Back in early 1998 a pair of young actors named Shawn Hatosy and Amy Smart were in New England, working on a little film called "Outside Providence," a bittersweet coming-of-age story written by two brothers named Farrelly who had earned themselves a reputation as ignoble goofballs with their envelope-pushing pictures "Kingpin" and "Dumb and Dumber."
At that very moment, those same two brothers, Peter and Bobby, were making a movie themselves -- a movie that would once and for all cement their names as being synonymous with shockingly low-brow, laugh-'til-it hurts, numskull comedy. It was called "There's Something About Mary." Perhaps you've heard of it.
Flash forward 20 months and suddenly Hatosy and Smart find themselves in an the awkward position seeing their small and surprisingly subtle (considering the source) teenage stoner story being billed as the follow-up to the movie that opened the floodgates for extreme, crass and gut-busting comedy.
With that in mind, its young stars admit to being a little worried about "Providence" living up to movie-goer expectations.
"It's not slapstick," says Smart, a slender, polite 23-year-old with the air of a rebellious debutante. "It has a lot more heart."
"It has the Farrelly brother's signature," offers Hatosy, poised for the inevitable comparisons and pointing to the movie's one-eyed, three-legged dog and some brazenly un-PC handicap humor, "so that will get (the audience) in there...(and) hopefully they won't be bored!"
If it weren't for an ad campaign playing up the "Mary" connection, he might not be saying such things. But Hatosy admits the movie isn't an easy one to market anyway. "I don't think they know what to do with it," he says. "They (Miramax, the movie's distributor) really like it..."
"...But they just don't know how to categorize it," Smart chimes in.
Which really comes as no surprise. The life-lessons story of a row-housing Rhode Island screw-up (Hatosy) packed away to boarding school by his roughneck, blue-collar pop (Alec Baldwin) in 1974, "Outside Providence" is part Cheech and Chong, part bittersweet Nixon-era nostalgia from the Farrellys' own childhoods, and part stock boarding school comedy (for instance, Smart plays the unattainable girl from the right side of the tracks).
It's a balance co-writer/director Michael Corrente ("American Buffalo") was determined to get just right, even if it meant shooting a new ending after some thumbs-downing from test audiences. But the movie's stars play down that fact.
"It was just a little rough around the edges," says Smart, "and they just kinda had to polish it up."
"Which today in films isn't unique," adds Hatosy with just a hint of dissatisfaction with the process. "They do these screenings and they're just trying to please the audience. I don't think that's necessarily a good idea."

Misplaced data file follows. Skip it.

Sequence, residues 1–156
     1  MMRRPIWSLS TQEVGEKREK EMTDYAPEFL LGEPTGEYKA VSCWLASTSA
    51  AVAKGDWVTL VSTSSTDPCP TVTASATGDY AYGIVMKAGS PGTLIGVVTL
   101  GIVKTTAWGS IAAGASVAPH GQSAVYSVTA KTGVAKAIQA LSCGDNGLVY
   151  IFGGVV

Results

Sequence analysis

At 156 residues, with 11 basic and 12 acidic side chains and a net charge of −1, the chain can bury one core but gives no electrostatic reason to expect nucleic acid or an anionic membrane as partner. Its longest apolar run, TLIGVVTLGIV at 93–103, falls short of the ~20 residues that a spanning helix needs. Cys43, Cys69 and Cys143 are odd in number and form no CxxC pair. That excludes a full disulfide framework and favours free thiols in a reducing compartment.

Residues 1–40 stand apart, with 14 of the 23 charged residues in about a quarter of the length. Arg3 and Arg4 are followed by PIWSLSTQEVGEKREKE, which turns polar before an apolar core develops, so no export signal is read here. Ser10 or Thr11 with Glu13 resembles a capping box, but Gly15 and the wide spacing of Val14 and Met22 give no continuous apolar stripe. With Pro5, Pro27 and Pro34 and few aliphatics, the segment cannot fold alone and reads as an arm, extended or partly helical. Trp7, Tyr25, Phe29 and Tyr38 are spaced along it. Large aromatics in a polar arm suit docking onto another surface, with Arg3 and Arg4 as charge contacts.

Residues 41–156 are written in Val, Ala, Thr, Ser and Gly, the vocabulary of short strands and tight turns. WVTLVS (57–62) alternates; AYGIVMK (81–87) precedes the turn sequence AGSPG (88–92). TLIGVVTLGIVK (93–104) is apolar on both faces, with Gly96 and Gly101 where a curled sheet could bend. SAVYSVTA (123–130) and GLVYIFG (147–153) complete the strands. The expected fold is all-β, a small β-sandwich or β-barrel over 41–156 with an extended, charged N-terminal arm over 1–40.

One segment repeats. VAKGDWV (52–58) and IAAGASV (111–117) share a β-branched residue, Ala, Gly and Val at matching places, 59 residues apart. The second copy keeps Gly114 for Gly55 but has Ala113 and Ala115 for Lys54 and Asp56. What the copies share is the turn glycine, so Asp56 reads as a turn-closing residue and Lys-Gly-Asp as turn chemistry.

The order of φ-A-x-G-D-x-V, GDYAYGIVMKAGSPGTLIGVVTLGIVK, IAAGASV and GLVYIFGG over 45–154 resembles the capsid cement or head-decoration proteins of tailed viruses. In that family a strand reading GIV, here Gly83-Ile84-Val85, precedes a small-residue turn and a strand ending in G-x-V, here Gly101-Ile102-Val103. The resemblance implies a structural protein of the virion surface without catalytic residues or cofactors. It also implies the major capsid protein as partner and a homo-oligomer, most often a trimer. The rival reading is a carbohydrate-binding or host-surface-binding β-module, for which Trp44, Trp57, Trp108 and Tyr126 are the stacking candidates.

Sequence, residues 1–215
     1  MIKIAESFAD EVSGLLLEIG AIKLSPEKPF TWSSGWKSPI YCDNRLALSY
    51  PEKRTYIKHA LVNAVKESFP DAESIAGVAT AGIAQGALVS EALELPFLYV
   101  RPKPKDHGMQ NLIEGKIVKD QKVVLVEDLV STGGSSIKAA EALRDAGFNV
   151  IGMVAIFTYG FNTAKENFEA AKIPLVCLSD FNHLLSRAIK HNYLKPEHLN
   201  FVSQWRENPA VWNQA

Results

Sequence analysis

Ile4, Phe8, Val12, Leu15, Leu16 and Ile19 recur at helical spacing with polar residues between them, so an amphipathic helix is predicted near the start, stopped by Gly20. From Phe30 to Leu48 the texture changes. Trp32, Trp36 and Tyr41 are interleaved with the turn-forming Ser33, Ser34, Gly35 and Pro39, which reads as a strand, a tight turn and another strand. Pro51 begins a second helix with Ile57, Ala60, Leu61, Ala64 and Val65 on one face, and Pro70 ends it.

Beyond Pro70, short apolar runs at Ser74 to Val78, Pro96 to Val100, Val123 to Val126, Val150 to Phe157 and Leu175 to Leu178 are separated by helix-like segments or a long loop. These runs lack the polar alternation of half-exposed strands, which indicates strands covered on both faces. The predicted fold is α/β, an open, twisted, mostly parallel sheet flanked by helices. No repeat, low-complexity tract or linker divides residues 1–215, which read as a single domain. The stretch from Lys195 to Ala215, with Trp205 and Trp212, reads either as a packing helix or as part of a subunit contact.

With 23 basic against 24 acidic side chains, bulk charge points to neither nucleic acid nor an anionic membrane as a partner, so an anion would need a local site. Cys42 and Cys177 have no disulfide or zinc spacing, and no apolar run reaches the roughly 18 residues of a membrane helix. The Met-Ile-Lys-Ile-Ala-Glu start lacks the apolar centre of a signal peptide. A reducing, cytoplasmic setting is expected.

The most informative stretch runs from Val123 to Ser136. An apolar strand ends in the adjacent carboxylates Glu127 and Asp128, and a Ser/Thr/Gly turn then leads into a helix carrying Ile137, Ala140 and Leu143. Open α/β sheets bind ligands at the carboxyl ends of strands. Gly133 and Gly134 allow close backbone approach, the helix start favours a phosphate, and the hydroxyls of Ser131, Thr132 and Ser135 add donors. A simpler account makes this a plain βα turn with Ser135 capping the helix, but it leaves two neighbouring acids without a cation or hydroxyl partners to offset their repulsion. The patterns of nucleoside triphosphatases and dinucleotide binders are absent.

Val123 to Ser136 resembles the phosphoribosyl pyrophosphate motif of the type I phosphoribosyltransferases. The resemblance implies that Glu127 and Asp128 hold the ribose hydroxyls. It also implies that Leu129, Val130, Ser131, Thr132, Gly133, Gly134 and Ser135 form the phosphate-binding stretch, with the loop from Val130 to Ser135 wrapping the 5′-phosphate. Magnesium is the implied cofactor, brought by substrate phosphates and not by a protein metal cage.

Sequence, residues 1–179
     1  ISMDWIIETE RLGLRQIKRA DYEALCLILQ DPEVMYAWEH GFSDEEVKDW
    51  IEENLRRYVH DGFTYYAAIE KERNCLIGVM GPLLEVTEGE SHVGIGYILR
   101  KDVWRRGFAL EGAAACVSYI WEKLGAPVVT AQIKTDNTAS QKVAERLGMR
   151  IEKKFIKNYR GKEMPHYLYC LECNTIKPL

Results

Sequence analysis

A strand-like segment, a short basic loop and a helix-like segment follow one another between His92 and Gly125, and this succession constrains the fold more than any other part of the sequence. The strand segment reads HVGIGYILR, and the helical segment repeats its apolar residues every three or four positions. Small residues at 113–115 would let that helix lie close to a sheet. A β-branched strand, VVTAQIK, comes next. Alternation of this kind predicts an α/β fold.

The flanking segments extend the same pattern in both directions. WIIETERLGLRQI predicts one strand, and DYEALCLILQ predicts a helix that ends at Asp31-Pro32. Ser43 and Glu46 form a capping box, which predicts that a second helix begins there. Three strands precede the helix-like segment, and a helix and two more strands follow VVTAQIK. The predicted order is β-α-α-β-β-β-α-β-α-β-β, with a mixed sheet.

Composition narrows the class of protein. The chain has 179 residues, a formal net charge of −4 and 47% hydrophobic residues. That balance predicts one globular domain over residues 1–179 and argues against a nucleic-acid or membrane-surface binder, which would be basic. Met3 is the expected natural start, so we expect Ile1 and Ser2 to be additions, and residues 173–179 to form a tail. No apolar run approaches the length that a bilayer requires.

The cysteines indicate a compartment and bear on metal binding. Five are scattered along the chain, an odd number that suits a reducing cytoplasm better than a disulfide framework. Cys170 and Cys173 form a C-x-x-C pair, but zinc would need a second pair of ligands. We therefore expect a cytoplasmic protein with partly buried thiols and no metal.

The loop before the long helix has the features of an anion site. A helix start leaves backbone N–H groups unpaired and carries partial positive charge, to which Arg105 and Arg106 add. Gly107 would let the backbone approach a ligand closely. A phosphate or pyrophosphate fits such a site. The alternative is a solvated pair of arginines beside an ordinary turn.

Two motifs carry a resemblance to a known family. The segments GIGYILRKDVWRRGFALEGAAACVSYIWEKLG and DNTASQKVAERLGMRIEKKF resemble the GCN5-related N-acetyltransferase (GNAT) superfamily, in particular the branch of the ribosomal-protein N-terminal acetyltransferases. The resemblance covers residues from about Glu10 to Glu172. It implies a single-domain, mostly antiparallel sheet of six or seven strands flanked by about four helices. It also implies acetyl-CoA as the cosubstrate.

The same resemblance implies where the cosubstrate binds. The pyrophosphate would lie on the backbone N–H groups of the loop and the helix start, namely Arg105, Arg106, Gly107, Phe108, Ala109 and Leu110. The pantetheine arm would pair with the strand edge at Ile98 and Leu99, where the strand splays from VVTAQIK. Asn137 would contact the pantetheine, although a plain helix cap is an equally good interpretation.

Although the sleepy-eyed Hatosy doesn't look much like a career-minded movie star today in his San Francisco hotel room -- he's wearing a baseball shirt that should probably be retired and a pair of tan corduroys he nicked from his "Providence" wardrobe while he and Smart hang around his smoky San Francisco hotel room -- he has a resume that affords him a little leeway to sniff about Hollywood catering to the lowest common denominator.
In the four years he's been working in features, he's had the privilege of cutting his teeth on two of the best independent films made in 1997 ("All Over Me" and "Niagara Niagara") and since then has had small roles in movies with cast lists that read like a who's who of the industry's respected elite.
Jodie Foster directed him in "Home For the Holidays," starring Holly Hunter. He's in director Wayne Wang's upcoming "Anywhere But Here" with Susan Sarandon and Natalie Portman. He plays a young Nick Nolte in December's much-anticipated "Simpatico" (also starring Sharon Stone, Jeff Bridges and Albert Finney).
Even when he signs on for something a little lighter, he seems to fall in with the A-list crowd, like Kevin Kline ("In & Out"), director Robert Rodriguez ("The Faculty"); and Alec Baldwin (in this film).
Is such a track record intentional? Even though he's not yet a name player, does he go out of his way to work with such luminaries?
"What interests me first in a project is the director, of course. Then the script," he insists. "But yeah, it's a big pull. If I know I'm going to be working with Nick Nolte, I'll do a small part. I don't care. I mean, how can you not learn from these guys?"
"I'm so jealous of you!" Smart interjects with a half-serious smile.
But while she may not yet have the catalog of highly-respected co-stars Hatosy boasts, Smart can counter with box office bragging rights. She's been in two very high-profile hits -- "Starship Troopers" and "Varsity Blues" (no, she wasn't the girl in the whipped cream) -- in her first few years in the biz.
But both actors say they were presented with a special challenge in "Outside Providence." Smart had the unspoken tall order of fulfilling pristine memories of perfect girlfriends from the Farrelly's and director's pasts. And Hatosy was in the position of essentially having to play Peter Farrelly as a teenage dunce.
"I would say that 95 percent of the movie is (autobiographical)," the actor says. "Peter got kicked out of like four prep schools."
"Outside Providence" is based on a novel Peter Farrelly published in 1988, which Hatosy read before starting the picture. But other than that, he says he didn't feel the need for much preparation in order to play a '70s stoner.
"You know," he says seriously. "the way kids were thinking in the '70s and the way kids are thinking in the '90s, I don't think they're too different. It's just different clothes and cars and politics."
Love Is Stronger Than Pride [Audio]
Take Risks (Q&A on the Honda Stage at iHeartRadio Theater LA)